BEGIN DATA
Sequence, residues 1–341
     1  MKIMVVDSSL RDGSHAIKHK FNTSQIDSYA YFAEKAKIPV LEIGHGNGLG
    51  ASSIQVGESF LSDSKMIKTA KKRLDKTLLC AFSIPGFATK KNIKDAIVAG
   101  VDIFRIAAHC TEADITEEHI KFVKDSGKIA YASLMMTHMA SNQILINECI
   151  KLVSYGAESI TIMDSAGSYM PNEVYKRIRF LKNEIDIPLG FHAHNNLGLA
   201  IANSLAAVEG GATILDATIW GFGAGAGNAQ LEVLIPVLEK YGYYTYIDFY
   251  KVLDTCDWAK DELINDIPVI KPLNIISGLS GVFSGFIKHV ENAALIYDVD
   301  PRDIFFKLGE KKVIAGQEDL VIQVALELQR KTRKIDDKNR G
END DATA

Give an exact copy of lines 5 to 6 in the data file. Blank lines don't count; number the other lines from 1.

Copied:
   151  KLVSYGAESI TIMDSAGSYM PNEVYKRIRF LKNEIDIPLG FHAHNNLGLA
   201  IANSLAAVEG GATILDATIW GFGAGAGNAQ LEVLIPVLEK YGYYTYIDFY